SIS, the Solar Irradiance Sensor, is comprised of an Optical Head and Processing Electronics with the optics sitting atop the MetMast and pointing zenith towards the sky. The Optical Head consists of a truncated tetrahedron with face inclination angles of 60° to reduce the dust deposition on the optical sensors. Each lateral face facilitates a pair of detectors with different optical filters, making them sensitive for the UVA band at 315-400 nanometers and the 700-1000nm Near Infrared Band. The detector elements are photodiodes and collimators are used to shape the field of view of each detector to avoid widening of spectral response at high incidence angles. Sitting atop the collimators is a UG11 filter on the UV channel and a transparent teflon window on the NIR channel.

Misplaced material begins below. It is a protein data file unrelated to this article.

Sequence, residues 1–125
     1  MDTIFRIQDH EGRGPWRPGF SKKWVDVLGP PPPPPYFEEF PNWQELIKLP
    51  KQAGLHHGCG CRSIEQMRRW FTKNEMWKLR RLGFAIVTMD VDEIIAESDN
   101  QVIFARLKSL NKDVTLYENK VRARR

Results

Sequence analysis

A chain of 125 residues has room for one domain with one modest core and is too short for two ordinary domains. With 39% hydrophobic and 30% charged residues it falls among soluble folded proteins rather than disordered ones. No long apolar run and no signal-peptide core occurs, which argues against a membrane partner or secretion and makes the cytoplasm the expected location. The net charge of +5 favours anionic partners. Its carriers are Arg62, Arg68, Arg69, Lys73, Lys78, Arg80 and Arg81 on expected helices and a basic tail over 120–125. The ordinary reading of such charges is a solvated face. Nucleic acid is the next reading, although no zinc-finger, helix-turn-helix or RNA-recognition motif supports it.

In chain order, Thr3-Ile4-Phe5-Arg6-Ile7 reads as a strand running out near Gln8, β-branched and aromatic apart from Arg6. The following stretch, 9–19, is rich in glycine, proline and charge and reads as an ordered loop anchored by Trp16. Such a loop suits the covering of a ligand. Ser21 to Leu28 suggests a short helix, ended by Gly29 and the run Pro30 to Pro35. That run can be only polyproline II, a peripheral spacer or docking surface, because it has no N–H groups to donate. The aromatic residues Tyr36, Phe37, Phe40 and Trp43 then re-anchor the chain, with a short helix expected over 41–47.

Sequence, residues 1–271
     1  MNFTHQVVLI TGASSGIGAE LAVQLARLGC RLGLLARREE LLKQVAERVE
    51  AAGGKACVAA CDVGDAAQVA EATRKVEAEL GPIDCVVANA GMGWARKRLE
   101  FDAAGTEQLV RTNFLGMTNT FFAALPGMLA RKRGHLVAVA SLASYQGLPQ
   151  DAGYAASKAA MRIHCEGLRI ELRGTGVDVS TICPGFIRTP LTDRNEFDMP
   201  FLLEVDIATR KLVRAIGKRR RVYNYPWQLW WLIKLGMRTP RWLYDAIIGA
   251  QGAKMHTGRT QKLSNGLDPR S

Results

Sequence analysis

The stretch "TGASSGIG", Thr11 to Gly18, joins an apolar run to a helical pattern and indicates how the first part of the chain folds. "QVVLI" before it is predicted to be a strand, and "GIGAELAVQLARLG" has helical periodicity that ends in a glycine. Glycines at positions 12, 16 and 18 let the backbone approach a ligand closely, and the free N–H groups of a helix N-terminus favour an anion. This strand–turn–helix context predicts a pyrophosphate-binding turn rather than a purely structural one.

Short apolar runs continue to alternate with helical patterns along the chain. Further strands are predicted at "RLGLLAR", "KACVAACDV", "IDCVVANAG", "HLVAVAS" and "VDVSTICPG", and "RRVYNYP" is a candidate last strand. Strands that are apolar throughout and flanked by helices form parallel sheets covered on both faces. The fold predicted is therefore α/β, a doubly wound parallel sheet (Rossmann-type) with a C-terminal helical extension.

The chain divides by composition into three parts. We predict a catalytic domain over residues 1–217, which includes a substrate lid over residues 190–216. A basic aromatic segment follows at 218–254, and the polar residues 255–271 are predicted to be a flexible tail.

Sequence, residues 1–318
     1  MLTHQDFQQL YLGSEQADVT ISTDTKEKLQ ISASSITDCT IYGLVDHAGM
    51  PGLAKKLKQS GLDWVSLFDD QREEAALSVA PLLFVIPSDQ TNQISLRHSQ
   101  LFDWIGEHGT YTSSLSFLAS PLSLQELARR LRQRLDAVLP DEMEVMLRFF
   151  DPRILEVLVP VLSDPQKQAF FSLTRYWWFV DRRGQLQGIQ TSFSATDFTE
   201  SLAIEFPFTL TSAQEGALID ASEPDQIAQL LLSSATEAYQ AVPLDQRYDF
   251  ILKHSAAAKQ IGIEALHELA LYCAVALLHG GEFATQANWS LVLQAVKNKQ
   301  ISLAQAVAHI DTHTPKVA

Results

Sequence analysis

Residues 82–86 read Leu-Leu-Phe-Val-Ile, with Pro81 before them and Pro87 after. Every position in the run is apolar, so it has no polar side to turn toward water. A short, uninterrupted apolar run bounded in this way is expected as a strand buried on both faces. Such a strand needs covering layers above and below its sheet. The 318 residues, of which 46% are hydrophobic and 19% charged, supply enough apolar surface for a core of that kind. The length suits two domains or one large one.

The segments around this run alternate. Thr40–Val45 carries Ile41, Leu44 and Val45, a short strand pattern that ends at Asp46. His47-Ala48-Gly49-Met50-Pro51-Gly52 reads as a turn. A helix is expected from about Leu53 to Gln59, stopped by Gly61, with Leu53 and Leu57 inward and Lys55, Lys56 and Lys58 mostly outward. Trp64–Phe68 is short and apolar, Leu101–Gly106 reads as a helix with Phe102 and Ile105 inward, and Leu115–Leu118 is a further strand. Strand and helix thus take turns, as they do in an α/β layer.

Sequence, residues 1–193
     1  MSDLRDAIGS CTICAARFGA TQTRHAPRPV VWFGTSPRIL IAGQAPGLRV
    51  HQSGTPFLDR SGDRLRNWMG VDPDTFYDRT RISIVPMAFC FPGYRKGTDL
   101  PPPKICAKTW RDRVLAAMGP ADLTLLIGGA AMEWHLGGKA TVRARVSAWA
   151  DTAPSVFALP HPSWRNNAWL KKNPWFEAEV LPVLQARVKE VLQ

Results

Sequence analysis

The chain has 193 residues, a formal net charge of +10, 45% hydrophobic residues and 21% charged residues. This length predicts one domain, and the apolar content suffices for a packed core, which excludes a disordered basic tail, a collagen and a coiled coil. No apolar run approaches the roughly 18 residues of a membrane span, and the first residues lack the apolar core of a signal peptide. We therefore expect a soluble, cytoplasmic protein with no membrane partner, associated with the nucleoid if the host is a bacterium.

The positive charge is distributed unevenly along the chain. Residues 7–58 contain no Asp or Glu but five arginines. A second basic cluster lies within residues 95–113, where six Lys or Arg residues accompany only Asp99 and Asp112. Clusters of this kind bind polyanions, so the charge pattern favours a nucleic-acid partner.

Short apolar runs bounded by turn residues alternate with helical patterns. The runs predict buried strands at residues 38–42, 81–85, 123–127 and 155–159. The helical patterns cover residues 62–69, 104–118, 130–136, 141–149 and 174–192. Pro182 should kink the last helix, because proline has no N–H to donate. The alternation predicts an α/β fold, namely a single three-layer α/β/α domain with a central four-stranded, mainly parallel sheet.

Optical Head Design - Image: INTA
Optical Head Design – Image: INTA

Installed on the zenith-facing panel of the Optical Head is a Silicon detector tasked with monitoring the total luminosity across a broad wavelength range of 200-1100nm. A diffusing element sits atop the Si detector to limit the impact of sun position on detector output.

This optical design will allow one detector pair to receive direct sunlight plus diffuse light while the others only receive diffuse light, allowing for a differentiation between them. Directly underneath the detectors are pre-amplification electronics to deliver signals to the Electronics Unit. Four circuit boards on the optical head provide power filtering, multiplexing of data, and buffering. A platinum resistor is used to measure the temperature of the optical head and a blind photodiode acts as a reference.